Tracy Nunez: (43:18)
Yeah, so I'm, if I'm working one on one with somebody, we come up with a list of three to five topics that they want to work with. I do a lot of spiritual writings, so based on their topics, I will design a program just for them. I have them right and we Skype and things like that based around the topic. And then they start to collect materials and we collage, um, I give intentional blessings to, it's part of my spiritual practice.

Dina Cataldo: (43:45)
So That's part of my coaching program. And then we explore what they've made or if they run into roadblocks while making the artwork, I help them with different tips on how to make the artwork more successful. If the artwork is something that they're really geared on, if they are an artist or they want to dig into that more than I focus more in on the actual product of the artwork a little bit more. But if they're looking for self discovery, the artwork part isn't as deep. We'll do the collaging, but it's really about the lessons around it. So we just use the collaging as a vessel to get to what their objective is to reach in their life and whatever the roadblocks are. And then if they are in New York, we do the classes. So I come up like this last series I did on the Chakras, so they meet every week.

Tracy Nunez: (44:27)
We focus in on a different chakra for each week and we design artwork based around that chakra. That's what we've been doing recently.

Dina Cataldo: (44:33)
Oh my gosh. That's so cool. I would totally do it if I were in New York was like a ton of fun. [inaudible] well thanks again for sharing everything that you did. This is like such a great way to just ray like this could be another aspect of yourself here. I mean we're always talking about self care and like can I use facial, getting a massage or any of that, but we have something fun like this and this is such a cool thing to do.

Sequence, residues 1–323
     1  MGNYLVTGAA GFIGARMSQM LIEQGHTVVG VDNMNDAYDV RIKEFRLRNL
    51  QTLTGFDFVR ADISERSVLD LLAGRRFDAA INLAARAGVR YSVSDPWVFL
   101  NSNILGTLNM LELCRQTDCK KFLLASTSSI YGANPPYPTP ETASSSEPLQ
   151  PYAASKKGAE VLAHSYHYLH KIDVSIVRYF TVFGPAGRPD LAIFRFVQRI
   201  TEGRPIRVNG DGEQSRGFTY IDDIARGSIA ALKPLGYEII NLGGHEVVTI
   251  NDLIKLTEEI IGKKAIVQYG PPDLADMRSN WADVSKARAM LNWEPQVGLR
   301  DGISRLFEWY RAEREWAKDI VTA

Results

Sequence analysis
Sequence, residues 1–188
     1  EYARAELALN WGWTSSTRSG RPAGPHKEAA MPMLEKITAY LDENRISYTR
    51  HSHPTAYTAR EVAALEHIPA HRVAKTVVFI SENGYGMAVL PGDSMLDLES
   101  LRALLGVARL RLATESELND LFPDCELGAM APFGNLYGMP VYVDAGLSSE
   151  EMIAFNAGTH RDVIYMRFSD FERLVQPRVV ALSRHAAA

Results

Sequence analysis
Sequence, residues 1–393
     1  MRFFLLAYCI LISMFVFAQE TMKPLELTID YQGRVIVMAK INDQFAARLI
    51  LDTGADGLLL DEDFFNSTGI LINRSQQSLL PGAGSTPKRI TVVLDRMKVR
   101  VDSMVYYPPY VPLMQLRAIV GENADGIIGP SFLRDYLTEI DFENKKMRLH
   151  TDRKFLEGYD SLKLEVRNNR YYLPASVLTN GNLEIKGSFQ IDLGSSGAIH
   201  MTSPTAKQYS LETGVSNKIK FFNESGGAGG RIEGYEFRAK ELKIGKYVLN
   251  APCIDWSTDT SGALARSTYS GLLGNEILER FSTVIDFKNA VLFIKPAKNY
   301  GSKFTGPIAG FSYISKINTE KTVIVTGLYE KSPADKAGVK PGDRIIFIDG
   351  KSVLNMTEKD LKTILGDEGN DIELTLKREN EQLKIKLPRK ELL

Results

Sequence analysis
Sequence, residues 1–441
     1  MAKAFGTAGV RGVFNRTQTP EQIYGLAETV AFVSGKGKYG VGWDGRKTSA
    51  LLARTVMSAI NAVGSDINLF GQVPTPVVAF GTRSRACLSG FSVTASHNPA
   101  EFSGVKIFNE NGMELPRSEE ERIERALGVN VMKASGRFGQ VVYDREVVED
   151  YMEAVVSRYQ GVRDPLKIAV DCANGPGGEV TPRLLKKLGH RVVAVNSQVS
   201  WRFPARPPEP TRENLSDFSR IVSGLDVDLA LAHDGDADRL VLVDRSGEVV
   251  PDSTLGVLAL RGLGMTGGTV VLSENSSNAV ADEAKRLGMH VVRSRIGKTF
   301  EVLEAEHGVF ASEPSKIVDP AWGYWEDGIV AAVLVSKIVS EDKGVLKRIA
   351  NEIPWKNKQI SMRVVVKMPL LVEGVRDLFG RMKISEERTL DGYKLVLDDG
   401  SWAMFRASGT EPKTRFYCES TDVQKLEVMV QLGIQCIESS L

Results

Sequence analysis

Tracy Nunez: (44:55)
Right. Well. I really appreciate you taking the time to speak with me and getting in touch with your viewers. The I'm so passionate about this work and I know that they'll be able to create magic not only in this art form, but see evidence of it flow into the rest of their lives, which is so exciting.

Dina Cataldo: (45:10)
Thank you.

Tracy Nunez: (45:11)
Thanks so much.

Dina Cataldo: (45:12)
I hope you enjoyed this conversation with Tracy as much as I did. I'm linking to everything we mentioned in the show [email protected] forward slash 57 and you'll want to be sure to tune in next week. This week's episode was all about connecting with ourselves. Next week we're talking about connecting with others. Specifically, I'm talking about having awkward networking conversations. No matter what you do for a living, you're going to want to be sure that you're subscribed so you don't miss the tools and techniques are guest shares next week. I hope you have a lovely day and I will talk to you soon. Bye.

Dina Cataldo: (45:52)
Hi Lawyers. If you love Soul Roadmap Podcast, I want to tell you about a couple of things that will jumpstart your life. The first is the 10 Day Lawyer Life Detox. We clear out, stress and overwhelmn this Self Study Online coaching program, you can learn [email protected] forward slash work with Dina. The second is my signature online group coaching program. I do a couple of times a year while the 10 day lawyer life detox is like a quick refresh with the lawyer. Soul roadmap is a deep dive in this 10 week online program. I teach you how your brain works, why you do what you do, and how to reach your goals while creating ease in your life. If you're ready for more, join [email protected] forward slash work with Dina. I'll see you there.